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Thursday, July 24, 2014
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Published: Sunday, 3/2/2003

Can we disarm Saddam without going off to war?

The drumbeat of war is getting louder by the day. The arguments both in favor and against the war have by this time become rather familiar and repetitive. Lost in the cacophony coming from the White House is the idea of disarming Saddam Hussein without waging a war.

That Saddam is a brutal dictator is a given. The list of human rights abuses in Iraq is documented beyond a shadow of the slightest doubt. Amnesty International has documented gross human rights violations: arbitrary arrests and detentions, torture, judicial and extra-judicial executions, disappearances, and forced expulsions based on ethnicity. These can't be justified or tolerated under any circumstance.

But neither can a war that is supposed to liberate Iraq and rid the country of weapons of mass destruction - which, to date, have not been found. The reasons for waging war are hollow and the evidence flimsy. We must realize that a wide swath of this world is ruled by dictators and despots - and somehow we have found their oppressive rule to be acceptable. Don't China, North Korea, Cuba, and many countries in Africa qualify? If we lower the threshold, then we would be fighting wars on every continent. In the past we have chosen to engage these countries in a dialogue that has been fruitful and rewarding.

President Bush considers Iraq an evil (as in the axis of evil that also includes Iran and North Korea) and appears to have convinced himself that military action against Iraq is based on sound moral ground. Though his spiritual gurus, Pat Robertson, Franklin Graham, and the like, motivated by their xenophobic religious philosophy, might agree with him, a majority of religious leaders, including the Catholic Church, are against any such action.

The recent meeting of Iraqi deputy prime minister Tariq Aziz, a practicing Catholic, with Pope John Paul underscores the church's opposition. The unprecedented joint declaration of the archbishops of Anglican and Catholic churches in England against the war is further proof that there is no moral basis for Mr. Bush's war against Iraq.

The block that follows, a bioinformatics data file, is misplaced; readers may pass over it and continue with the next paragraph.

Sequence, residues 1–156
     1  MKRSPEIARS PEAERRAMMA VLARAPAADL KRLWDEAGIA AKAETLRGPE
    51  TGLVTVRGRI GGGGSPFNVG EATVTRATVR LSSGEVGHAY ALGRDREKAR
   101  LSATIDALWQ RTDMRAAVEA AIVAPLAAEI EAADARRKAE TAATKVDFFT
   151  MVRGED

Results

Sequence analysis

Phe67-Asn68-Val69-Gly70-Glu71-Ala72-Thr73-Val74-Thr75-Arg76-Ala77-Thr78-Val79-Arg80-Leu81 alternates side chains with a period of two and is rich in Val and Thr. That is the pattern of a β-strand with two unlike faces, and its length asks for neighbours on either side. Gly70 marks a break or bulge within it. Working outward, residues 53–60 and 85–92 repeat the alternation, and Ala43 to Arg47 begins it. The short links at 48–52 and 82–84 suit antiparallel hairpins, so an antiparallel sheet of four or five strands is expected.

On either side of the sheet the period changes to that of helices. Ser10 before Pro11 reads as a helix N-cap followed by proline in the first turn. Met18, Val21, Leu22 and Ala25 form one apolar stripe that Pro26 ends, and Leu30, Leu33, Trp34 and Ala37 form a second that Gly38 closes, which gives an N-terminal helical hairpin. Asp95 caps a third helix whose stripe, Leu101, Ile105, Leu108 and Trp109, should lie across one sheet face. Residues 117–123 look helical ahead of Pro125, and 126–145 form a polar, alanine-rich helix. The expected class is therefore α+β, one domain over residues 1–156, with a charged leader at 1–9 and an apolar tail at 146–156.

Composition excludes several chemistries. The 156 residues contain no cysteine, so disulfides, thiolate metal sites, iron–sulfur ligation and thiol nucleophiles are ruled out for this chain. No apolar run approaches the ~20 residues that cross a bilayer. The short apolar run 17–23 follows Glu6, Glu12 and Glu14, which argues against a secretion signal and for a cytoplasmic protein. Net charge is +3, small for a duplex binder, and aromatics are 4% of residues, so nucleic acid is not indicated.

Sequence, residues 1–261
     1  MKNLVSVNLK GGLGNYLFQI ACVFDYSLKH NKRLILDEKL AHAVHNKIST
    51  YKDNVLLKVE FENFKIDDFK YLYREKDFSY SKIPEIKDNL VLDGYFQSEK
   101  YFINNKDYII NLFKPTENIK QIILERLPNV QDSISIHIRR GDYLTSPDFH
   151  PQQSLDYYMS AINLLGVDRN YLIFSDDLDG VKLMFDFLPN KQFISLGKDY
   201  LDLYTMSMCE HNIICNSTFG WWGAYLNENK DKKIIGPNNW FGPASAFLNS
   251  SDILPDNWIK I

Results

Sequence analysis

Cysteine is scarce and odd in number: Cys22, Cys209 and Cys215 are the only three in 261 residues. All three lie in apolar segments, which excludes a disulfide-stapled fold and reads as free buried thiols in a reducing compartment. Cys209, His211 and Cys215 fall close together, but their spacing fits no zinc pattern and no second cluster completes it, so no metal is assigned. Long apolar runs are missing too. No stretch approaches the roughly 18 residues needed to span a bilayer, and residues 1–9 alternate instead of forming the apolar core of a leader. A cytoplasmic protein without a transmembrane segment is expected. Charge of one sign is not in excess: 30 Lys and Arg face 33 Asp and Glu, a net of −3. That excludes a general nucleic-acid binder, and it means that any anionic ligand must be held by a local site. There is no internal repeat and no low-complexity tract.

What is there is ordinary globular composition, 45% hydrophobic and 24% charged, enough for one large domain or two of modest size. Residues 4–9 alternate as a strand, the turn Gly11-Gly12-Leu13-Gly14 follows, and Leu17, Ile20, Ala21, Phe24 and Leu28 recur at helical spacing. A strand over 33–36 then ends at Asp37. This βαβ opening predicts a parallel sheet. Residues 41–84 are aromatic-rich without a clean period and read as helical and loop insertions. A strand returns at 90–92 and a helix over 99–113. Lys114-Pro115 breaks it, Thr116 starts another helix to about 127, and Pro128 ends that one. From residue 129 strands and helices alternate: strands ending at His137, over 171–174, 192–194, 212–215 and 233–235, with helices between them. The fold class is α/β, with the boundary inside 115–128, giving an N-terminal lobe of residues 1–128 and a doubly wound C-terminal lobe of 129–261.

George Bush and his neo-conservatives may consider it their Christian destiny to attack Iraq, but no one is buying that line, including millions of people who took to the streets all across the world to protest the war. Call it a pre-emptive peace strike, because it is the first time that such a massive global protest has been made even before the first shots were fired. The real reason for war is not what kind of person Saddam Hussein is, but the vast oil reserves that he controls.

The divide in Europe is interesting. Russia, Germany, and France do not want war and the people in those countries agree with their leaders. In Italy, Spain, and Great Britain the leaders have already saddled up to join Mr. Bush, but an overwhelming majority of their citizens are against the war and implicitly against their leaders.

British Prime Minister Tony Blair is facing a revolt within his own party because of his unflinching support of President Bush. When the question of war was put before the parliament last week, 110 members of his own party, that is more than one-fourth of Labor seats in the parliament, voted against the resolution. Mr. Blair has been called Mr. Bush's lap dog and an ambassador of the U.S. to Great Britain. This unkind characterization underscores the anger of his people and his party.

Wars are expensive enterprises. It is estimated that a short and decisive war would cost the United States at least $100 billion. A protracted one would cost up to $2 trillion. Add to that the cost of occupation and reconstruction and the bill may run into trillions of dollars.

With the economy still in the doldrums how can the U.S. afford this kind of expenditure? Alan Greenspan, chairman of the Federal Reserve, said this in so many words while testifying before the Congress.

Are there any alternatives to war? Just about everyone except the leaders of Britain, Spain, and Italy and a corralled group of Eastern Europeans believe there are. Let the U.N. inspectors continue their mandate. Keep the pressure on Saddam Hussein to fulfill his commitments to the world community.

In the meantime let us make concentrated efforts to get rid of him through whatever means we have. The CIA could dust off some of the old tricks it used to knock off Salvador Allende of Chile, Patrick Lumumba of Congo, and Ziaul Haq of Pakistan, to name a few.



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